Gregory Wolfe

Gregory WolfeThis week’s episode of The Flash introduced another character, who’ll probably will be a recurring one, although a secondary one. In Tricksters, when Joe West and Barry Allen arrive in Iron Heights Prison to interrogate the first Trickster on his copycat, they’re welcomed by Warden Wolfe, portrayed by Anthony Harrison. Wolfe brings the two visitors to a new wing of the prison, built specifically for the Trickster after he brought a shrink to suicide just by talking to him. In the comics, Wolfe has the same role as warden in Iron Heights, but his attitude is a little bit harsher, and he even develops superpowers at a certain point. Let’s see together.

All his life, Gregory Wolfe had hidden to the world the fact that he was a metahuman: his ability, by the way, didn’t seem to be particularly spectacular or destructive, since he was able to tighten or relax any muscle belonging to other people in his sight. Keeping hidden his true nature to the world, Wolfe worked in St. Louis, his hometown, as a prosecutor, and his unforgiving methods towards criminals (both high-profiles and low ones) became legendary, and brought to him a remarkable popularity among the population and his colleagues as well. In particular, Wolfe gregorywolfecomics1became a close friend to the Governor, who held high regard for him and for his methods, especially considering the number of successes Wolfe was collecting. Finally, when the notorious Iron Heights Prison (a penitentiary specifically designed to contain metahumans, built outside of Keystone City) was left without a warden, the Governor offered the position to his old friend Wolfe, who gladly accepted the task. In Iron Heights, Wolfe would have had the chance to put in practice his philosophy regarding criminality: there was no childhood abuse or mental illness to speak about regarding killers, rapers or robbers, they had become what they were for their own choice, and they had to pay it all, plus the interests. As the new warden, Wolfe cancelled any rehabilitation program, making it clear that the prison was not “a revolving door”, and that no psychiatrist would have been allowed to come in: nobody came out of Iron Heights, no more at least.

Wolfe, however, was not satisfied with just taking away all hopes from his inmates: he constantly humiliated them, and he tortured them both physically and mentally, giving them a taste of the Hell they had earned in the afterlife. He even used Fallout, a nuclear-powered supervillain, as a source of energy for the prison, draining his life-force to turn him into a living battery. He reorganised the prison so that the most powerful villains were all locked up underground, a wing in which the guards were given a “shoot-to-kill” directive, and were allowed any kind of brutalities towards the prisoners. Of course, Wolfe even used his powers to torture some of the inmates, especially the Rogues, causing painful spasms in their muscles. Nobody from the outside knew how things gregorywolfecomics2were managed inside the prison, not until one of the “normal” inmates, the serial killer Murmur, created a virus within Iron Heights and started a viral outbreak to cover his escape. The Flash intervened to save the guards and the other prisoners, who were killing each other under the influence of Murmur’s virus, and he found out what was really happening in the prison, including the dishuman treatment of Fallout. When Flash tried to expose what Wolfe was doing to the inmates, the warden tried to cover up as much as he could, claiming that the hero was suffering from allucinations caused by Murmur’s frenzy virus. Both the police and The Flash, however, now knew the truth of how the prison was handled, but much to the hero’s astonishment, everybody decided to close an eye on the warden’s extreme measures and on his guards’ brutality: villains as dangerous as the Rogues had to be kept locked in order to protect the population, and Wolfe represented just the lesser of two evils. (Un)officially free to do whatever he deemed to be necessary inside his prison, Wolfe’s dominion over Iron Heights became even tighter than before: criminals would have soon learnt to fear the prison and his warden, and maybe they would have chosen differently. Maybe.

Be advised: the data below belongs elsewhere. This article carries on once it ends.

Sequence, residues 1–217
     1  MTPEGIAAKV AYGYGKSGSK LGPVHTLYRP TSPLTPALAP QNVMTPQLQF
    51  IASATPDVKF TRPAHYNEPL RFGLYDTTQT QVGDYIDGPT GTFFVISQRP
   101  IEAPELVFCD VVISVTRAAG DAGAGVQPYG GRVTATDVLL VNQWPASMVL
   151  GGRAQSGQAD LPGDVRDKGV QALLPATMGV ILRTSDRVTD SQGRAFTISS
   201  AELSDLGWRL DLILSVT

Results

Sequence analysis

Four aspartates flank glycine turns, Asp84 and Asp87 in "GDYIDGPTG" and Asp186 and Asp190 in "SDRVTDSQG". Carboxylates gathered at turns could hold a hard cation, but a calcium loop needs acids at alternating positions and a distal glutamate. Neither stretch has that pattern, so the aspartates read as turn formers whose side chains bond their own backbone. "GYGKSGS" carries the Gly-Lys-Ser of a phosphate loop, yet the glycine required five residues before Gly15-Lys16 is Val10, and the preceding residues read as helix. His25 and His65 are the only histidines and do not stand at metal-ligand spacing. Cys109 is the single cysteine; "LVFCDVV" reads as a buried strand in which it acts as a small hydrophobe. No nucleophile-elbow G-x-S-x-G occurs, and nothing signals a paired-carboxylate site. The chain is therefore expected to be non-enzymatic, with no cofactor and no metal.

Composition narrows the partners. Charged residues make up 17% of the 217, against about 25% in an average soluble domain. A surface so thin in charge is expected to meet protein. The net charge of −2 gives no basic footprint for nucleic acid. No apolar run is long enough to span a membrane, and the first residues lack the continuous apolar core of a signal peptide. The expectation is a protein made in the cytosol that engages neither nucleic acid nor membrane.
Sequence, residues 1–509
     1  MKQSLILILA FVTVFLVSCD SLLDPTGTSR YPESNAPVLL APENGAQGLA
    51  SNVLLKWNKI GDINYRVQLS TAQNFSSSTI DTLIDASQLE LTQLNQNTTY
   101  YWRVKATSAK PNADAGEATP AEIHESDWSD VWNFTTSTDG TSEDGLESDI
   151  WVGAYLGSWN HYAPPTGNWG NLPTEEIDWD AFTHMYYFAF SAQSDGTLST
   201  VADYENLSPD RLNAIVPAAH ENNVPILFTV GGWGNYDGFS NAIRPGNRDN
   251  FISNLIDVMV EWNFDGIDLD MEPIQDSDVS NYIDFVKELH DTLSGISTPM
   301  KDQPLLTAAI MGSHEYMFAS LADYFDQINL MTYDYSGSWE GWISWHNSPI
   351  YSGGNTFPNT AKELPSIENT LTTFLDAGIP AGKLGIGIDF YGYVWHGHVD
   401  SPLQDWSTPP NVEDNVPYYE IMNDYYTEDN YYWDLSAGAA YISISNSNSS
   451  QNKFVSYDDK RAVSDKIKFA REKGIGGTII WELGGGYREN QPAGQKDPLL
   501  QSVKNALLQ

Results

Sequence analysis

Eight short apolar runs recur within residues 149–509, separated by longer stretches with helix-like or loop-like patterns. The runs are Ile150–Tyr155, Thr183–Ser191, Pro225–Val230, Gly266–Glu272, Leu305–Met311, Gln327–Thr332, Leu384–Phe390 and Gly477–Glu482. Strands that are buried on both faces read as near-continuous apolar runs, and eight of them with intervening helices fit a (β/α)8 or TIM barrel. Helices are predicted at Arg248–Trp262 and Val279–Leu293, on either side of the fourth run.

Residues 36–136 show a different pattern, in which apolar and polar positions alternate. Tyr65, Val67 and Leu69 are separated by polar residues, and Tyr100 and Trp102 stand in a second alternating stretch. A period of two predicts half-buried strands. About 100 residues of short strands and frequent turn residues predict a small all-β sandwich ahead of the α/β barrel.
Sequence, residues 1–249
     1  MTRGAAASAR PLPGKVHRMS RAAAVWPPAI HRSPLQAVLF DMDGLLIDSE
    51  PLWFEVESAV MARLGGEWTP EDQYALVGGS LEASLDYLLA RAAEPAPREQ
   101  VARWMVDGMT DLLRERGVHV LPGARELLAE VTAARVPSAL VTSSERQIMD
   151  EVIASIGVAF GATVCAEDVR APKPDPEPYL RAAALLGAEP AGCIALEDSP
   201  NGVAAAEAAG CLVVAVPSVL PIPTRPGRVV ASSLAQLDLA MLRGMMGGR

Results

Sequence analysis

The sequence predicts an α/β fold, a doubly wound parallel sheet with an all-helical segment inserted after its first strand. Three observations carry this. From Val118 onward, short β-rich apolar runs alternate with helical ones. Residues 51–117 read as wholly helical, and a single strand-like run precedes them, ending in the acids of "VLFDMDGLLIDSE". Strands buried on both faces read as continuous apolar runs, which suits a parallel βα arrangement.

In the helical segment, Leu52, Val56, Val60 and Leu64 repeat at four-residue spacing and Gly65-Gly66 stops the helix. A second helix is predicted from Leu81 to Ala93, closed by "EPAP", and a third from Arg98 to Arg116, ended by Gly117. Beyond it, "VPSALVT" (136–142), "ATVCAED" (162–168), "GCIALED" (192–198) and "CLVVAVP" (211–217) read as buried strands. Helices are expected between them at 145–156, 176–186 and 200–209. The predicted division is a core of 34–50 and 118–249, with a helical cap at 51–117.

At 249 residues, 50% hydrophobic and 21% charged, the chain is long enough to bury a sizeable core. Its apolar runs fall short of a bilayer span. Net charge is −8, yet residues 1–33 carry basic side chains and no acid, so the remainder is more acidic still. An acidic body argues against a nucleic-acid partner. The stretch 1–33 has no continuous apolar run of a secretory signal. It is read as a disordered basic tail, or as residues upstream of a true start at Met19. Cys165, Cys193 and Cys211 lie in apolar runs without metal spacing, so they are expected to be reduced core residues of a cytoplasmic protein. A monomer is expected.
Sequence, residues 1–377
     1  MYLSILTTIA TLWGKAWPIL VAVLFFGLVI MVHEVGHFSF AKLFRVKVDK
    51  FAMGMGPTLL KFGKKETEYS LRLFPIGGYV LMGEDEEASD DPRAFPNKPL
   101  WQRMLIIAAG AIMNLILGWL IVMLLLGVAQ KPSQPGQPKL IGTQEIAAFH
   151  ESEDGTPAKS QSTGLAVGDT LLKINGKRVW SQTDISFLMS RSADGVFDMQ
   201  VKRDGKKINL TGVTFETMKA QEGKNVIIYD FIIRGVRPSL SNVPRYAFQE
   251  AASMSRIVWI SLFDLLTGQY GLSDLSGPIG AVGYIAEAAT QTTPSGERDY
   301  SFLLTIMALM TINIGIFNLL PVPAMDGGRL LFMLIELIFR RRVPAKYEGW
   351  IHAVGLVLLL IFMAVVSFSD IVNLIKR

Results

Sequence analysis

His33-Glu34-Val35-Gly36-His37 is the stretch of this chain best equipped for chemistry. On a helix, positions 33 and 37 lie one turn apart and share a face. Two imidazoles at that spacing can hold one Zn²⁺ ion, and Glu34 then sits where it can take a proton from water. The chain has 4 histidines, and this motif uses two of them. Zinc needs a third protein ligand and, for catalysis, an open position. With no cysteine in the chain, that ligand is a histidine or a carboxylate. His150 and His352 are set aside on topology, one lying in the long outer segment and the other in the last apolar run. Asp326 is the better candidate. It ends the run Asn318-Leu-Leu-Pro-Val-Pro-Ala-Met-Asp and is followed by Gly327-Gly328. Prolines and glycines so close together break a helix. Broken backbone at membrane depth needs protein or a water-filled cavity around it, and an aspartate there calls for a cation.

Gregory Wolfe is a brutal and severe man with a firm moral code: according to him, no criminal deserves a second chance, and prison is meant to punish villains, not to “redeem” or rehabilitate them. His administration in Iron Heights is the objectification of this philosophy of his, and all criminals are tortured and humiliated by the guards following the warden’s orders. Wolfe is also, secretly, a metahuman, and he possesses the power of manipulating any person’s muscle, tightening or relaxing them; he mostly uses this ability to cause painful spasms in the inmates to torture them, but he even uses it to heal people (he allowed Hunter Zolomon to run by lessening the pain to his knee). Unforgiving and merciless, Gregory Wolfe makes law look just as bad as criminality…just what people like the Rogues need.



  1. […] in prison, Lashawn tried to explain her reasons to the authorities, but the warden Gregory Wolfe, obsessed with a literal application of the law, refused to listen to her. When even The Flash […]

  2. […] isolation, playing solitaire with his magic cards, and trying to avoid the unwanted attention of Warden Wolfe…until the day of a massive breakout that, for a gambler like him, was just the right occasion […]

  3. […] locked up in Iron Heights Prison. The jail, however, was under new management, and the new warden, Gregory Wolfe, albeit secretly being a metahuman himself, had quite a hard policy on metas in general, and on his […]

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